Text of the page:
Excerpts from Jim Conrad's
from the October 25, 2009 Newsletter, from near Natchez, Mississippi
Hundreds and hundreds of orange and black butterflies flitted among weeds along the Refuge's narrow gravel roads and perched on the roads themselves. Karen drove slowly and did lots of zigzagging but it was impossible to miss them all. At first I thought they must be migrating Monarchs pausing on their journeys south, but when I got close to one I saw that it was smaller and darker than a Monarch and bore conspicuous black lines across its hindwings, which Monarchs don't have. You can what I saw, on a cocklebur leaf, above.
It's the Viceroy, LIMENITIS ARCHIPPUS, often cited as a classic example "Müllerian mimicry" because of its similarity to the Monarch. Müllerian mimicry is when two or more not-closely-related, "harmful" species (in this case they're both distasteful) share one or more common predators while mimicking one other's warning signals. Both Monarchs and Viceroys benefit from their predators knowing that orange-and-black butterflies tend to be too bitter to eat.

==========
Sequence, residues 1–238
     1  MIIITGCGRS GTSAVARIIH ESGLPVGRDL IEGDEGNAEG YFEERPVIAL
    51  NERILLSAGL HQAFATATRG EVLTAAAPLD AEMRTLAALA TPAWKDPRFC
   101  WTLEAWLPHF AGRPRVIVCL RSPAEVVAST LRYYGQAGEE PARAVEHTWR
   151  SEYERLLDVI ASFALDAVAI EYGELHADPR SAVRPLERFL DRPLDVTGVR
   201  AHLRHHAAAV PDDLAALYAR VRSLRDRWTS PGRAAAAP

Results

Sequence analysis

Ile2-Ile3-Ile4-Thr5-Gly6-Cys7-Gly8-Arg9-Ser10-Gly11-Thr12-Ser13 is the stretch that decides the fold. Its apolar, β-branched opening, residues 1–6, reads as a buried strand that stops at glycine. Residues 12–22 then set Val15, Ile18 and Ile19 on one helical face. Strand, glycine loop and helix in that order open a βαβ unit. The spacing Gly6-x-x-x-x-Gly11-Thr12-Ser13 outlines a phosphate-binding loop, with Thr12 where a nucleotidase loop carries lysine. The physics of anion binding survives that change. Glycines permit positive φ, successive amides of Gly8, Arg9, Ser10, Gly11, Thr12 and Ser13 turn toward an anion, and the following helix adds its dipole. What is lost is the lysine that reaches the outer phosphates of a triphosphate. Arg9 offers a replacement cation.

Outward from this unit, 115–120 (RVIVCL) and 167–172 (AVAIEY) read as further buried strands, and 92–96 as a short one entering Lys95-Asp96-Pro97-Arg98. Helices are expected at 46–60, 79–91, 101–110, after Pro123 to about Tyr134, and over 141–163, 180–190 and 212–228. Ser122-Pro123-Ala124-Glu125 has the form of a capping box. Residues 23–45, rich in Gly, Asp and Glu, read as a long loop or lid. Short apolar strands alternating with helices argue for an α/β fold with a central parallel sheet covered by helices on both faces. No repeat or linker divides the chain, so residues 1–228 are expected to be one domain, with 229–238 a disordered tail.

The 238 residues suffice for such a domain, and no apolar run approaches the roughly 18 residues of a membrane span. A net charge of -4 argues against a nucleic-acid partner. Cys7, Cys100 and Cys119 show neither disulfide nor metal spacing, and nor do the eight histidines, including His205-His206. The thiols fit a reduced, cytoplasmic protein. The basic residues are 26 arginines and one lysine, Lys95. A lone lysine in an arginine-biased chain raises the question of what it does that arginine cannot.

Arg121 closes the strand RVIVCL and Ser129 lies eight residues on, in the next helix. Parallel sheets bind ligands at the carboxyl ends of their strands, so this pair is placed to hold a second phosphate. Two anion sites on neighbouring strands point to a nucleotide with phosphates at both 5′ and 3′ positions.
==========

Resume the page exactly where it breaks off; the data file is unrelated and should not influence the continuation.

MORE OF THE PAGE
Müllerian mimicry is different from Batesian mimicry in that Batesian mimics are themselves "harmless" but imitate a dangerous species.
A Viceroy's wing undersides as he dines on raccoon poop composed mostly of reddish crawfish shell is seen below:
Why were so many Viceroys down in the swamp last Monday, and why did their favorite perch appear to be cocklebur plants? The Butterflies and Moths of North America website reports that Viceroy caterpillars eat leaves of willows, poplars and cottonwoods. The swamp had these in abundance so that may explain the sheer large numbers, but what about the cockleburs? The website also says that early in the season adult Viceroys feed on aphid honeydew, carrion, dung, and decaying fungi but later -- now -- feed more often on flowers in the Composite Family. Well, cockleburs were the most abundant members of the Composite Family along the roads that day, so I guess it all makes sense.